The corporate regulator has appealed the Federal Court’s decision to dismiss ASIC’s proceedings, alleging that Colonial First State and Commonwealth Bank (CBA) breached conflicted remuneration laws.
In a statement on Wednesday, ASIC said it’s taking the matter back to court.
ASIC previously alleged that Colonial and CBA breached conflicted remuneration laws when they reached an agreement in which Colonial paid CBA to distribute its Essential Super product through CBA’s branch and digital channels. Essential Super was distributed to over 390,000 individuals.
But according to ASIC deputy chair, the corporate regulator is now concerned that the court’s decision would limit the operation of conflicted remuneration laws introduced in 2012.
“Conflicted remuneration has the potential to cause significant consumer harm because it can prevent consumers from receiving appropriate advice and financial products free of influence,” Sarah Court said.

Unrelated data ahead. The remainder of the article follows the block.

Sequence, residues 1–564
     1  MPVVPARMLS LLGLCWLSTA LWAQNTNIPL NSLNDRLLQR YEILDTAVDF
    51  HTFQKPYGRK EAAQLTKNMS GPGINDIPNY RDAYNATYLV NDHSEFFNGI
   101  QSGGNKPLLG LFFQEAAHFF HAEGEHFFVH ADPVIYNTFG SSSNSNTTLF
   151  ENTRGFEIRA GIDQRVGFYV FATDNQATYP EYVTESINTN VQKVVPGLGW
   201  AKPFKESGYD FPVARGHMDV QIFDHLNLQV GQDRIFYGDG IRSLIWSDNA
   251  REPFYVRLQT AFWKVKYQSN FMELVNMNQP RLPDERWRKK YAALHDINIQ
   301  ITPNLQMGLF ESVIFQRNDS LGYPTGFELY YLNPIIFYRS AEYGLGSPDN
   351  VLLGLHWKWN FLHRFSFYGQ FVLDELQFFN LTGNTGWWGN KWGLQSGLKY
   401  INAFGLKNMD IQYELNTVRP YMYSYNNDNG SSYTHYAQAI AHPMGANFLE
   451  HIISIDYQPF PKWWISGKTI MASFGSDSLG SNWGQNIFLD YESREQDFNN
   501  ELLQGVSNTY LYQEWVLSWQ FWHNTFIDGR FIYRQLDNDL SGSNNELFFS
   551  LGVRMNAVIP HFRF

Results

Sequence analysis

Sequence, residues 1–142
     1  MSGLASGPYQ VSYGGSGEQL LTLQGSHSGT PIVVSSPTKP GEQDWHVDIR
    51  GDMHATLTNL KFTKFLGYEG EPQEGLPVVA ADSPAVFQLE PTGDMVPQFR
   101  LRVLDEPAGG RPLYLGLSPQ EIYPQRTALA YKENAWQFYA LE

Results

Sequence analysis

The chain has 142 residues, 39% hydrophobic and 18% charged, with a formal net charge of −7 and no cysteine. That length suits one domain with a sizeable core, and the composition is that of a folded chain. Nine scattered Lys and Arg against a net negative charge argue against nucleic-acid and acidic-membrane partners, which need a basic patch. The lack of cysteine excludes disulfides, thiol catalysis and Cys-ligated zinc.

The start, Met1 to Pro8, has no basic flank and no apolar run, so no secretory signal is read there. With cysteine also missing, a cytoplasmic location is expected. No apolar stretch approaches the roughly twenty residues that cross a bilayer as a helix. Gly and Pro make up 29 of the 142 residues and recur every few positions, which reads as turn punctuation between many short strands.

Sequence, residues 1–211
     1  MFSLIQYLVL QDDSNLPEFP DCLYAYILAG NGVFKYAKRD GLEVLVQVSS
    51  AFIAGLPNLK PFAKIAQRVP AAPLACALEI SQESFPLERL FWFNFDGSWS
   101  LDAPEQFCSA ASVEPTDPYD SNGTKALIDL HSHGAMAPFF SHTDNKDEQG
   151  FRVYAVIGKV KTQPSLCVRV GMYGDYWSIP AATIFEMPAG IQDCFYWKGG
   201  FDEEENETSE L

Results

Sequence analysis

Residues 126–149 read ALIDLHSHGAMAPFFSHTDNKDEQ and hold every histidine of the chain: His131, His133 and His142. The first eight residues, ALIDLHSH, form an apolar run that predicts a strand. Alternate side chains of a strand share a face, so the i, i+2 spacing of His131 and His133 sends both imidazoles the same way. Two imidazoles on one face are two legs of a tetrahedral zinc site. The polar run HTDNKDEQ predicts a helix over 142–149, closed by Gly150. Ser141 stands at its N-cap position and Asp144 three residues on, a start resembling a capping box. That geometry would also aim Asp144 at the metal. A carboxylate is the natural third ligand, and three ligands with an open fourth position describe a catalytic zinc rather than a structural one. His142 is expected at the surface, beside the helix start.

The conflicted and other banned remuneration provisions were introduced in June 2012 as part of the Future of Financial Advice reforms, representing the Australian government’s response to the 2009 inquiry into financial products and services in Australia by the Parliamentary Joint Committee on Corporations and Financial Services.
The appeal will be heard by the Full Federal Court on a date to be determined.